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Formulation of zein coatings for apples (Malus domestica Borkh)

Bai, Jinhe, Alleyne, Victorine, Hagenmaier, Robert D., Mattheis, James P., Baldwin, Elizabeth A.
Postharvest biology and technology 2003 v.28 no.2 pp. 259
Malus domestica, apples, carbon dioxide, coatings, corn protein, fruit quality, fruits, industry, permeability, propylene glycol, sales, water vapor, zein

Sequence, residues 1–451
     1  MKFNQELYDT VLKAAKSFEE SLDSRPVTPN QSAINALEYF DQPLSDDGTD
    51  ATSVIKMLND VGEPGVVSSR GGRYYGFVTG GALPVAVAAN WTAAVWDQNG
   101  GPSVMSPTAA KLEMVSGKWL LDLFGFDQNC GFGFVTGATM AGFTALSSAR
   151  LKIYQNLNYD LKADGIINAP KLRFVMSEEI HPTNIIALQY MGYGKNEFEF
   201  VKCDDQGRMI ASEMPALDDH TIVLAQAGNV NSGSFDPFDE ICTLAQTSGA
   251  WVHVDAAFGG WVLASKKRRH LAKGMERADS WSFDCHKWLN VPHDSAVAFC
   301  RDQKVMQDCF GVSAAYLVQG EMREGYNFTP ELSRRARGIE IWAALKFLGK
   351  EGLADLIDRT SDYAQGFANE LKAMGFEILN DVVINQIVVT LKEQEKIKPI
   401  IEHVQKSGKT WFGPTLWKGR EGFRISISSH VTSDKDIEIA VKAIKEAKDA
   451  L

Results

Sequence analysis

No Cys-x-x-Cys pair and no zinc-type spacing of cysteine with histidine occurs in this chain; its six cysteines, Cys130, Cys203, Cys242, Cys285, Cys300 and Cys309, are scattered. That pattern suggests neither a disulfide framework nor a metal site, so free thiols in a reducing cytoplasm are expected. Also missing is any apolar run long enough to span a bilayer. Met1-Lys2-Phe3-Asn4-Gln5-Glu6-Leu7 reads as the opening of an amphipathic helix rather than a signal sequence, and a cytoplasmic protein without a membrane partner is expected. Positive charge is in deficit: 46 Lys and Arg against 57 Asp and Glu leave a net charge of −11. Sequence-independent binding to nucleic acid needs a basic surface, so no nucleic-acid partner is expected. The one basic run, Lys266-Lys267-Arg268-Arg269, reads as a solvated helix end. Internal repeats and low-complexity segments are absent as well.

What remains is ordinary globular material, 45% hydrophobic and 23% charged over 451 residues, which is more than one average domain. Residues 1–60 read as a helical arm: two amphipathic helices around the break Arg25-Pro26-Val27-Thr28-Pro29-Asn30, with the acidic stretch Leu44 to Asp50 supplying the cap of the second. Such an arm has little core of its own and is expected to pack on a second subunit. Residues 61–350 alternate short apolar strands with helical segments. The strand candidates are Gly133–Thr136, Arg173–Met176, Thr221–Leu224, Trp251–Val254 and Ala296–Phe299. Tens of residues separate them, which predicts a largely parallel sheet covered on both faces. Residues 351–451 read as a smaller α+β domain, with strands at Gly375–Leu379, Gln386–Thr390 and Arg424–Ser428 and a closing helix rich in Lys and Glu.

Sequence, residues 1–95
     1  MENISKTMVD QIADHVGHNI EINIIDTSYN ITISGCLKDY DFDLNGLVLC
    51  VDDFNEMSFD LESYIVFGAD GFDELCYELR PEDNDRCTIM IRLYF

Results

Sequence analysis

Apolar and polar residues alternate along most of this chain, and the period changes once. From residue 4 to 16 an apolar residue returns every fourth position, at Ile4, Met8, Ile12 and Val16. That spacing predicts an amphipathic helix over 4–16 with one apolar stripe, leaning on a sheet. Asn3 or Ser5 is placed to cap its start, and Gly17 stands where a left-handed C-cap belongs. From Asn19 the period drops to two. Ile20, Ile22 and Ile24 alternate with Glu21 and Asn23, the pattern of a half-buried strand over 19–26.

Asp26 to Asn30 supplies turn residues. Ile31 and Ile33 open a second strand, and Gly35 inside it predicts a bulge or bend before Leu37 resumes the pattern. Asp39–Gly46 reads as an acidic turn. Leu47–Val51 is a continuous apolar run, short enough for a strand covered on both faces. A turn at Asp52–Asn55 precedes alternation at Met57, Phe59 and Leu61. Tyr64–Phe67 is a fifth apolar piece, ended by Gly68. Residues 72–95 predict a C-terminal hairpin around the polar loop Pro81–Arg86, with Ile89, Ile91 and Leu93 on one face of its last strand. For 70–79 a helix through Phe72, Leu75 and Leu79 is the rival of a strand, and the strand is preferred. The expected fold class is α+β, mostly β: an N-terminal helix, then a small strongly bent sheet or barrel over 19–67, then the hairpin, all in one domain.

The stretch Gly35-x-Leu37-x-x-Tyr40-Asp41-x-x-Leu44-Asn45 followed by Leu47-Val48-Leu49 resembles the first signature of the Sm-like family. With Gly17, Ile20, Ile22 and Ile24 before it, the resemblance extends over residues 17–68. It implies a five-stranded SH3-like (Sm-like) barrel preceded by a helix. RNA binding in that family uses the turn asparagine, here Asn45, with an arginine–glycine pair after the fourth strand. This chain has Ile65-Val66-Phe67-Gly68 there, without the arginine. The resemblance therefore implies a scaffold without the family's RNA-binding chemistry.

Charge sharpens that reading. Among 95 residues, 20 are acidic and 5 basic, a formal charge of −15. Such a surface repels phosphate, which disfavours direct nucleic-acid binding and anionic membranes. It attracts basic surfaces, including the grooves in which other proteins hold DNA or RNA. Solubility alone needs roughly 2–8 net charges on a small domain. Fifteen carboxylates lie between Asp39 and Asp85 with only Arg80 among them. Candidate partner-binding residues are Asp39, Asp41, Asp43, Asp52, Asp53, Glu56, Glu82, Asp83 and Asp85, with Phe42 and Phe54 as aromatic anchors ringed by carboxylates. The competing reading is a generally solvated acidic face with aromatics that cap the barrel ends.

High gloss coatings are used to improve apple fruit (Malus domestica, Borkh) appearance and sales. The industry standard has been shellac-based formulations, which have problems with whitening, low gas permeability, and association with non-food uses. Zein, a natural corn protein, was used to formulate alternative, shiny coatings by dissolving zein in aqueous alcohol with propylene glycol (PG). Gloss levels on ‘Gala’ apple surfaces varied due to zein and PG content in coating formulations from that of controls to levels observed for shellac-coated fruit. At least 4% (by weight) PG was necessary for adequate gloss. However, increasing levels of both compounds resulted in increased gloss. Whitening, which occurred on the coated fruit surface upon wetting, was reduced by decreasing zein content to less than 11%. Permeability to CO2, O2, and water vapor was strongly dependent on the zein content in the coating. Internal CO2 and O2 in zein-coated ‘Gala’ fruit ranged 4–11 and 19–6 kPa, respectively, by increasing zein content in the coatings. An optimum formulation with 10% zein and 10% PG was developed, applied to ‘Gala’ apple, and was found to maintain overall fruit quality comparable to a commercial shellac coating.